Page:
Identifying, funding, and supporting emerging companies in the technology (“tech”) space is an integral part of the Carlton James Group ABC (Alpha, Balanced, Core) investment strategy, and should be a strong consideration for family offices and their clients. Core and Balanced look to assure capital protection for our fund investors and Balanced to support the ability to provide them with a regular income over a defined period. These two contributors, when carefully managed, help us deal with the consequences of economic turmoil and recessionary shocks on a global basis. Weighting in Balanced and Core is an acquired science (sometimes I wonder if there isn’t an element of art involved!) and the associated expertise and ability to implement the selected strategy is what distinguishes one investor from another.

In its way, Alpha is a rather more exciting part of the overall investment strategy. Technology is a word that excites people and is where they expect to see the “sizzle” in a portfolio diversified by asset class and geography. We’re not looking for income at the time of investment – albeit investors are often grateful if it becomes a part of a total return equation at a later date – but for upside, equity growth, or rapid increase in shareholder value. Added to this is the all-important exit. When is the investor likely to be able to cash in via a trade sale or an IPO? Investments in tech are the icing on the portfolio cake and where the “oomph” to growth in the value of assets under management comes from.

Talking about a tech investment strategy is the relatively easy part; successful implementation, or picking the winners, is entirely another! Not only that but the timing of the exit is not always clear. I don’t know anyone, after many decades in the investment business, who has not suffered from deal fatigue or the short-term slam dunk that has not turned into that rather longer term investment proposition.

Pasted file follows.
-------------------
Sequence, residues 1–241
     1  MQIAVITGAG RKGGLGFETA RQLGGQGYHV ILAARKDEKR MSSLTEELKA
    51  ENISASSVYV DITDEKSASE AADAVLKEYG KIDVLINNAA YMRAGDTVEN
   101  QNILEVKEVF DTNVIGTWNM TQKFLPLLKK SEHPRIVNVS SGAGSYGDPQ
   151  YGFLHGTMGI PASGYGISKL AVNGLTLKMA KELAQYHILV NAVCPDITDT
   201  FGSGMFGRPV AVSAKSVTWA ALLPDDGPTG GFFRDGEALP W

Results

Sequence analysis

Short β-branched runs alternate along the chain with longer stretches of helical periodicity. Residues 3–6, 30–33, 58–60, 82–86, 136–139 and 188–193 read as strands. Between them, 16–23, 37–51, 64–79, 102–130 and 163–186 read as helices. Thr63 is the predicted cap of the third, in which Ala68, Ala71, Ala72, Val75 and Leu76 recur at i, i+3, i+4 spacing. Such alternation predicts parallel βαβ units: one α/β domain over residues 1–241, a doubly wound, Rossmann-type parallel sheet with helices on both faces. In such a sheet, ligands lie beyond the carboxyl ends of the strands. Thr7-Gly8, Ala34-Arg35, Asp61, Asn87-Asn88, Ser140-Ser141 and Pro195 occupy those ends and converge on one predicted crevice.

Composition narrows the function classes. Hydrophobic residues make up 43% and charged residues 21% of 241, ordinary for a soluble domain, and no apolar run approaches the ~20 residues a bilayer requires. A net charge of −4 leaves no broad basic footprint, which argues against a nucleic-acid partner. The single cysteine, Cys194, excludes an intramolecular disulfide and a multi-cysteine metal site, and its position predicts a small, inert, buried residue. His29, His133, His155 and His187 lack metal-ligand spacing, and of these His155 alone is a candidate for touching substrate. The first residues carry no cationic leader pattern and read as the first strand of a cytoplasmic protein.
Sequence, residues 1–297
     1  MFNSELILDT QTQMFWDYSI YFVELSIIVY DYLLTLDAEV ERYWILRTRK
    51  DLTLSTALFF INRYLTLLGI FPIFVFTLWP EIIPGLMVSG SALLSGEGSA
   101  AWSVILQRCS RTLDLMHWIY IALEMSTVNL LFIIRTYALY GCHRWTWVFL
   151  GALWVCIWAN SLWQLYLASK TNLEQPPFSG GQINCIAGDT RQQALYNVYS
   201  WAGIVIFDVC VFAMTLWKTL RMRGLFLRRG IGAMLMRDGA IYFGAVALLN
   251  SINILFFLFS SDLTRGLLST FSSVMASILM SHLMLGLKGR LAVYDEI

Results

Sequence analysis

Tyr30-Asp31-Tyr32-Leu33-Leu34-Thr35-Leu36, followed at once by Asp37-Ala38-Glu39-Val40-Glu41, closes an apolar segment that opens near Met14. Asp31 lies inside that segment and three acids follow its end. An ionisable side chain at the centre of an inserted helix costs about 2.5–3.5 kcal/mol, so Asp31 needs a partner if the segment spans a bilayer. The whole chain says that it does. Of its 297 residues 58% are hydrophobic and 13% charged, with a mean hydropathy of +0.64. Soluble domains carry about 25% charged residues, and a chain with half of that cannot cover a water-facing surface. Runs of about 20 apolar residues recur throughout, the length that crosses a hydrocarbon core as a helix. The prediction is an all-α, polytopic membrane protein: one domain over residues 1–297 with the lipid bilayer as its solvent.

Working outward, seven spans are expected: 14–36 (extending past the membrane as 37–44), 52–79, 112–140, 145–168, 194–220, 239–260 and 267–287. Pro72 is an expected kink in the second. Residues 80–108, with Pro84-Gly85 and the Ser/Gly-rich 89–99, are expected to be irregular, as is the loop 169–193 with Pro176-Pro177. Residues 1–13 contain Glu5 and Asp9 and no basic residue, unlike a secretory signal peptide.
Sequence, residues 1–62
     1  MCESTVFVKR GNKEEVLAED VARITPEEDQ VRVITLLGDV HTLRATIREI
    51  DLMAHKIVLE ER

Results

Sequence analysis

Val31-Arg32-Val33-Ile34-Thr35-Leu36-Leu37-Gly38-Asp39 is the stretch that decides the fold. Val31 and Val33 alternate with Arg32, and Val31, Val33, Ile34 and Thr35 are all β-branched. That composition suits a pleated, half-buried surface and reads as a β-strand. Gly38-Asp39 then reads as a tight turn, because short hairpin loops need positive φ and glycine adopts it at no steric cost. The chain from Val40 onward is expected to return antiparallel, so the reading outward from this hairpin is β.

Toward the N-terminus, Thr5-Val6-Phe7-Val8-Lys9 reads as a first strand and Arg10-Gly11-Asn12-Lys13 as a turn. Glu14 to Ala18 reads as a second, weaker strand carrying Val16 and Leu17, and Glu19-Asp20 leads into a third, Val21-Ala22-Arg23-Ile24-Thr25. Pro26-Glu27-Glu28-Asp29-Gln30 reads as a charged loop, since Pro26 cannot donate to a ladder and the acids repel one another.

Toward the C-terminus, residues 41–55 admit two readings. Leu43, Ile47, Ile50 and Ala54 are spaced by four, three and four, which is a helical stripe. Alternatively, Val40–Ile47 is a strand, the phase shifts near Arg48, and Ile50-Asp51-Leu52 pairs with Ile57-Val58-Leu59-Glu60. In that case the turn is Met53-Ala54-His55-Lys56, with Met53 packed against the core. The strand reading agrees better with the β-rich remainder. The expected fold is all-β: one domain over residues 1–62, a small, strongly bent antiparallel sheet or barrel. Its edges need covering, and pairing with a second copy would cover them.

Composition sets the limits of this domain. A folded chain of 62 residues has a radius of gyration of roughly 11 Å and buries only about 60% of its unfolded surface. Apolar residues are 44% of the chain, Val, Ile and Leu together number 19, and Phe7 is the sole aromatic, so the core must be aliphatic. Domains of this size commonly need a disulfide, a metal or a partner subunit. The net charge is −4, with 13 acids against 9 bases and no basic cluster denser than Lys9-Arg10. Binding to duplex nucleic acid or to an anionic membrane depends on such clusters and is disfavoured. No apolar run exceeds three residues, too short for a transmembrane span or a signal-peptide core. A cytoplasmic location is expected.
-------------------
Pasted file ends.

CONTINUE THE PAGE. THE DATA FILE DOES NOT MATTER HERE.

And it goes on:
The past 10 years have witnessed a burst of growth in incubators, venture capitalists, financing intermediaries and the proliferation of tech start-ups across the globe. How can one possibly succeed when, as an investment manager, you are overwhelmed with approaches from so many wanting to highlight the investment attractions of their particular company or their clients if the message is being delivered by an intermediary, the competence of many of which, I’m afraid to say, is very questionable. I have recently noted some conversations on LinkedIn with family office executives commenting on the plethora of calls – uninformed, rude, aggressive, exaggerated – that they receive every day. Bit of a nightmare I am sure you would agree.

So, what should family offices keep in mind when seeking out opportunities for alpha technology investments?

  • Tech is an important vertical and desirable component in any investment strategy apart from the most conservative
  • It provides an injection of growth potential not being initially focused on capital preservation or production of income
  • Try to develop relationships with a few capable, trustworthy and consistent intermediaries and/or with a select few professional tech investors who may want you as a co-investor
  • Think of focusing on a few industries and develop a basic knowledge of what’s going on in those verticals. You don’t need to speak to everyone with any number of ideas and proposals. Energy, media and healthcare provide a very large range of attractive tech investment opportunities. They are also more likely to offer the scalability so important in the tech world
  • Be focused on the quality of the materials, i.e. business plan and financial summary with which you are provide • Take into account the global potential of the tech investment opportunity that you are reviewing
  • Assess what assistance you may be able to give the company in question in implementing their strategy. Constructive involvement can be mutually rewarding
  • Always be aware of the exit. Trade sale is the cleanest; IPO the more uncertain

Tech is the icing on the cake when it comes to implementing a diversified investment strategy. It’s what gets the adrenalin flowing and if executed successfully can provide very satisfying rewards and not just monetary.

Tony Moore is the Chairman of the Board of Carlton James Group, and has more than 40 years’ experience in the global financial services industry.